Here is an excerpt from an article written by John Joseph and Ronald Klingebiel for Harvard Business Review and the HBR Blog Network. To read the complete article, check out the wealth of free resources, obtain subscription information, and receive HBR email alerts, please click here.
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Anyone who has visited Samsung’s office towers in Seoul, South Korea, will not be surprised to know that the Lee family – the dynasty that controls the conglomerate – runs a tight ship. The three towers, which dominate the landscape of the Gangnam district, were built to consolidate many of the activities of the firm; their imposing presence is emblematic of the company’s hierarchal culture. Inside, elaborate security procedures, long working hours, and deference to senior managers are all in plain view. Also in plain view is the firm’s recent decision to issue a massive recall of and then terminate the Galaxy Note 7.
Killing products isn’t easy. Engineers and managers toil for months, often years, to conceive, develop, and launch new products. They invest significant resources in research, marketing, and distribution. So to see those products go down in flames (literally, as in the case of Samsung’s Galaxy Note 7), often creates a very difficult choice: try to improve the quality and support for products or terminate them.
In our five-year study of global handset makers, we found that most firms pull products when they turn out to be obvious disasters such as the Note 7. What proves trickier is to yank lackluster offerings with sales that mildly disappoint — products that perform poorly but are not clear-cut cases for withdrawal. In such cases, managers often hang on in the hope of an eventual uptake. More often than not the result is a confusing proliferation of middling offerings.
Our research suggests that given the challenges of letting go of these weak products, companies like Samsung put important product decisions – like exit – in the hands of more senior managers. While centralizing decision making in this way can often overburden managers and be a drag on the creative freedom of designers, it has one clear advantage: it speeds the termination of products. Our research suggests that, on average, more centralized decision making structures are more likely to pull poorly performing products from the market.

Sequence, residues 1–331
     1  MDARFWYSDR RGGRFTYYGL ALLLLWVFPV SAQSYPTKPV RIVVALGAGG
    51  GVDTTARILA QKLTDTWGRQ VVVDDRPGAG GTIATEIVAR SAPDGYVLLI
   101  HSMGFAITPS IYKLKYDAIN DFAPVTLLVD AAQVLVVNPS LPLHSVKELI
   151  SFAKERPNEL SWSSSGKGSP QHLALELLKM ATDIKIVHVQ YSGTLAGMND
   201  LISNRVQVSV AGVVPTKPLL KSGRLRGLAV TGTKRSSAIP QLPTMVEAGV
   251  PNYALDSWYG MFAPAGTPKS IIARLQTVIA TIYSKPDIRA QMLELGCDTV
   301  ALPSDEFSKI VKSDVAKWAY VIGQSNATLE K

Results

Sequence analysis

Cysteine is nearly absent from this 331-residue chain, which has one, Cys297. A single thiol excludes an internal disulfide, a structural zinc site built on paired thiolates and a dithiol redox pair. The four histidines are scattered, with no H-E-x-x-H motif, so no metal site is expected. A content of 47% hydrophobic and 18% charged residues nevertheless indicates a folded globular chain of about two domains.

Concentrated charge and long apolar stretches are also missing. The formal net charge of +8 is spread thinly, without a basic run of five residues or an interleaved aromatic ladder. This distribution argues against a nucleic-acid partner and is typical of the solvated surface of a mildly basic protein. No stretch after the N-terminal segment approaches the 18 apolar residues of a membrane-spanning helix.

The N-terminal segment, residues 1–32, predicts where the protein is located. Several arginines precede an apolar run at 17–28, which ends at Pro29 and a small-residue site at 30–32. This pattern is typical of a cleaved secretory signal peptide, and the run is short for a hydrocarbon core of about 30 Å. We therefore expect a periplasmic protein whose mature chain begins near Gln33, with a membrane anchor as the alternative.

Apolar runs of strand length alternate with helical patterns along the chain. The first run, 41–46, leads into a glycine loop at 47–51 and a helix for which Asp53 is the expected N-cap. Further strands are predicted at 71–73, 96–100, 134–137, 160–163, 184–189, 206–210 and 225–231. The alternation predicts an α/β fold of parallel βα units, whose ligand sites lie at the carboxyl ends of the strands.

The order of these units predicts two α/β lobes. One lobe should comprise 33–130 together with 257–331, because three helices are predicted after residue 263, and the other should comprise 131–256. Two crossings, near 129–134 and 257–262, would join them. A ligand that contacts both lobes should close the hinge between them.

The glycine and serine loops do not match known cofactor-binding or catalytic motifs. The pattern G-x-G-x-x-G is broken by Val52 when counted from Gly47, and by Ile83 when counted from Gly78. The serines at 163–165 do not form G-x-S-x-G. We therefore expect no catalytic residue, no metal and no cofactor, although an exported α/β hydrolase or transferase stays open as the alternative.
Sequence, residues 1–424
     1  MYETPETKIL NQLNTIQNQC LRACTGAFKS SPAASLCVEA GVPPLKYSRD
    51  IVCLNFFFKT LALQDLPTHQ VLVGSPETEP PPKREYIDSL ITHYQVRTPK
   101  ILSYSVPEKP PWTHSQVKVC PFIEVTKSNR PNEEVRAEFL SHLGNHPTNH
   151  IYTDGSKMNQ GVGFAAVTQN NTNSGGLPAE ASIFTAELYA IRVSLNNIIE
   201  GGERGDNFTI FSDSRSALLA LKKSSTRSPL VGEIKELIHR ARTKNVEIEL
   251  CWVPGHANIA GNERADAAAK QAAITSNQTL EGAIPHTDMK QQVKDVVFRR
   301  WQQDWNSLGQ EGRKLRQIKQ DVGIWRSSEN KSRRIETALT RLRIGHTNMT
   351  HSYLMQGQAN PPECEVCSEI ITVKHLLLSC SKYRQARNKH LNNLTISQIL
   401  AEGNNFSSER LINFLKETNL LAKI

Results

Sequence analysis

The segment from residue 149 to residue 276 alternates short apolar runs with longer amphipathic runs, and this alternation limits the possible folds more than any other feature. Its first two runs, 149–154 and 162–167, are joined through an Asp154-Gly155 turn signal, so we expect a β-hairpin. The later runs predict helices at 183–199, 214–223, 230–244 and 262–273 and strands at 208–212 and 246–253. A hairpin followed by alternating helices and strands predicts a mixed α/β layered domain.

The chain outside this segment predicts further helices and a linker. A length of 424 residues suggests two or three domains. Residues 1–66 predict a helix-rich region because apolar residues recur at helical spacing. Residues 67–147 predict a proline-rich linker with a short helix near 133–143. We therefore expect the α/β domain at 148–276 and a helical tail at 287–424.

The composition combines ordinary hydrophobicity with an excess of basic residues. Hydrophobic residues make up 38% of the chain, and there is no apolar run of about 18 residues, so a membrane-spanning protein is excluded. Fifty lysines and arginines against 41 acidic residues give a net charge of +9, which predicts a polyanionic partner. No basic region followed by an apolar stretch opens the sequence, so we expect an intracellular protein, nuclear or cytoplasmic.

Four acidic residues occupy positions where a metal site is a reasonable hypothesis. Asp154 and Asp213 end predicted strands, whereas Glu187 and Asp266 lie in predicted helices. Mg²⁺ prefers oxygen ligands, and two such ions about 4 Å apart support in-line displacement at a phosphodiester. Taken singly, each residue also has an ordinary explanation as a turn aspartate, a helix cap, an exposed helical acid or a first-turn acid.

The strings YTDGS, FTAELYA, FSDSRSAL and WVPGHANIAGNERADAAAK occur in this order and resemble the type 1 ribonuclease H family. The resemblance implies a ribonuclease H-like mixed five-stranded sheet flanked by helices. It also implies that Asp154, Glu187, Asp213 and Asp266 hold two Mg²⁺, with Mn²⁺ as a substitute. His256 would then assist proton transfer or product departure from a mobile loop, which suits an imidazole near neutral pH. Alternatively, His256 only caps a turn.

Centralizing product termination decisions does three things: 1) Focuses attention on the entire portfolio; 2) Manages the ripple effect that exit has on the firm’s ecosystem; and 3) Mitigates potential disagreements and delays owing to internal politics. Thus, centralized firms more quickly rid themselves of unsuccessful products – almost twice as fast as their more decentralized peers. These findings are especially useful for any companies facing a large portfolio of products, continuous technological change, short life cycles, and high levels of product obsolescence.
Know the big picture
Centralized structures speed product termination because they aggregate information about the whole portfolio at the top. Companies in our sample, which included all the major mobile handset manufacturers, had an average of 24 products in a major market at any given time. When you consider the number of all models across all regions, portfolios can become quite large.
However, lower level managers charged with managing one or two products, are not likely to have visibility across the entire portfolio. They are focused on a narrow set of products under their purview. Decision makers at higher levels are able to get a better sense of how well or poorly products perform relative to other products. Therefore, decentralized firms may have delegated termination decisions to a product manager, to whom the underperforming product might look satisfactory, centralized firms are more sanguine and ready to pull.
Also, the difference in responsibility and authority given to product and senior managers means they respond to performance problems differently. Lower-level managers may be less willing to give up on their products or give excess resources to a competing product team. Instead they would prefer to maintain the products and make adjustments to promotions or advertising. Senior managers, who have greater authority to move around resources, are more likely to withdraw support for flops and re-direct resources to winners.
For example, right after Sanja Jha was appointed head of Motorola’s mobile devices unit in 2008, he immediately took control of the portfolio, cutting the firm’s entire Symbian product line and focusing the firm on fewer products and the Android platform.
Terminating products such as mobile devices is a complex process that involves an ecosystem of design companies, carriers, applications developers, software companies, content providers, and manufacturers. Product termination requires the adjustment of a range of interdependent activities such as product road maps, factory schedules, and supply chains. The presence of so many external factors creates the need for communication and coordination internally across functions and product managers, and with outside carriers and suppliers.
This makes it tricky for timing termination correctly. Firms might leave products on the market well past their prime. In industries characterized by short product life cycles and rapid technological change moving faster is generally better. Not only does this ensure “old” products are cleared out, but it makes room for new products, ensuring that managers can give them enough time and attention.
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